Marion mayor praises development in state of city address

‘Snooks’ Bouska touts city-funded projects

Published: February 4 2014 | 3:00 pm - Updated: 29 March 2014 | 3:10 am in

MARION — Marion Mayor Allen "Snooks" Bouska touted a growing population and an abundance of development at the 20th annual Marion State of the City Address on Tuesday afternoon.

The city of 36,000 has seen a 32 percent growth since 2000, according to U.S. Census Bureau data. It is expected to grow to 43,000 by 2020, he said.

An influx of development is following the growing population.

Bouska reviewed last year's development efforts during his speech, many of which have carried through to this year. The city also completed multiple projects in 2013, which include a new 42,000-square-foot police station and an industrial park, he said.

The Marion Enterprise Center, 184 acres of shovel-ready land at the corner of Highways 151 and 13, opened at the end of October. The city and economic development leaders are still in talks with interested companies, but it has signed on ElPlast, a Polish company that supplies large press-to-close zipper bags used by food, pet food, lawn care, pharmaceutical and other industries.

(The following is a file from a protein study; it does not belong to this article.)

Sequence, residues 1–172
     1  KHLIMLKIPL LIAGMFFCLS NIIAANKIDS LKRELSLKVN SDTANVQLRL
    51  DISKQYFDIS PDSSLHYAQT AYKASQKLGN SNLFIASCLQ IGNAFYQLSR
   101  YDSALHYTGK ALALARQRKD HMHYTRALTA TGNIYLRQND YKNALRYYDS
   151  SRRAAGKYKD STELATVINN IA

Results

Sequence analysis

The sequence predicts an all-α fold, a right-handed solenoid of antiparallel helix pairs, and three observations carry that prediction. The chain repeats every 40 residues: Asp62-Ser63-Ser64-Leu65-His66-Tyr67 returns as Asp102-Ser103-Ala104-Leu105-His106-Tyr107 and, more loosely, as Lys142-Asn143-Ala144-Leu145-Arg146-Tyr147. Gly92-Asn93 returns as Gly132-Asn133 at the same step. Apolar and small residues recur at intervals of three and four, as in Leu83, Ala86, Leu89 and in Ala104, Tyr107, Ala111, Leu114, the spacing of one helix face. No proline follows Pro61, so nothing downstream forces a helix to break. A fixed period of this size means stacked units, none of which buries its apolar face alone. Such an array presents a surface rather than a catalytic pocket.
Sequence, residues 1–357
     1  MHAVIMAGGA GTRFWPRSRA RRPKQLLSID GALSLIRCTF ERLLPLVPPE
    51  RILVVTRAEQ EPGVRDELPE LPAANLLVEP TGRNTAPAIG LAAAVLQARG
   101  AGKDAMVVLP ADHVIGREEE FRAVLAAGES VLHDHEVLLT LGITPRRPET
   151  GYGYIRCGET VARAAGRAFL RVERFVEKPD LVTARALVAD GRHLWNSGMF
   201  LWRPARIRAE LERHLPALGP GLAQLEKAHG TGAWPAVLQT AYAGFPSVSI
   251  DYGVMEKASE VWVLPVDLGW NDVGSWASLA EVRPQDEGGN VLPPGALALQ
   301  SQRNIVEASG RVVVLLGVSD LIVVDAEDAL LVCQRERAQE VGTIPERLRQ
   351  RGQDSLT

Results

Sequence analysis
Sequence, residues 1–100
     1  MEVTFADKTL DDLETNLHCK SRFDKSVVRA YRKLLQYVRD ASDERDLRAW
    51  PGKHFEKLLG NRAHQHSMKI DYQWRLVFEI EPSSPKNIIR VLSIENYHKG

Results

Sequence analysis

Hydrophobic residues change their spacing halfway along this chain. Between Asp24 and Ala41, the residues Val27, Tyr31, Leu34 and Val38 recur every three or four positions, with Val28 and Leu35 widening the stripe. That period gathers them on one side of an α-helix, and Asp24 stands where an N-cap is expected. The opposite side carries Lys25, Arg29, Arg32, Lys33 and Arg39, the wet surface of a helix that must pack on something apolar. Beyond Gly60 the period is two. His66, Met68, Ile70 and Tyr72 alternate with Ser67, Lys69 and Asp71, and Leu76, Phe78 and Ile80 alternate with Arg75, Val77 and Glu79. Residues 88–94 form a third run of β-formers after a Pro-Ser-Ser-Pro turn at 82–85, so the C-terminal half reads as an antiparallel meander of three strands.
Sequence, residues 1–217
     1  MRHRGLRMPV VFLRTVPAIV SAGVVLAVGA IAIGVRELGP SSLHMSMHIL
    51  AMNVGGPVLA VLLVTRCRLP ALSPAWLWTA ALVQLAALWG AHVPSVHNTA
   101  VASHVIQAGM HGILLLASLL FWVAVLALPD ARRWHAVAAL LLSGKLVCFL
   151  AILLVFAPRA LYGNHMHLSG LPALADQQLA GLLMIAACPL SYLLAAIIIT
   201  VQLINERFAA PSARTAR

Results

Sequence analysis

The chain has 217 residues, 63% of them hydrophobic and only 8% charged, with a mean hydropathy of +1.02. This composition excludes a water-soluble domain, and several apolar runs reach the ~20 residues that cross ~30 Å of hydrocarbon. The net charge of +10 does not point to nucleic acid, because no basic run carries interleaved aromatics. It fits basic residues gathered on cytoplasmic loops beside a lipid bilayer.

The business park’s first tenant will begin construction of the 36,000-square-foot building this year.

The Marion Industrial Park, a second, private industrial park, offers an additional 139 acres of land ready for development, targeted toward environmentally conscious companies.

Bouska said the city is talking with Marion Iron, a distributor of steel bars and other materials, about relocating the company  from its Seventh Avenue location into the park. Trashenol company Fiberight, which turns waste into ethanol is planning to build a multimillion-dollar waste facility.

He rattled off a list of city-funded projects from roads and roundabouts to a new fire station, expanding the library and work to develop and design a trail system. Funding for these projects will come from the Local Option Sales Tax, which passed in November, he said.

Bouska said it's also important to invest in older buildings and complexes, to "save them from the wrecking ball" as he pointed toward several improvement projects — the $22 million redevelopment of Lincoln View Square and a grant application that would allow for facade improvements of 15 uptown buildings.

"It calls for an extraordinary amount of time, effort and funding," he said.

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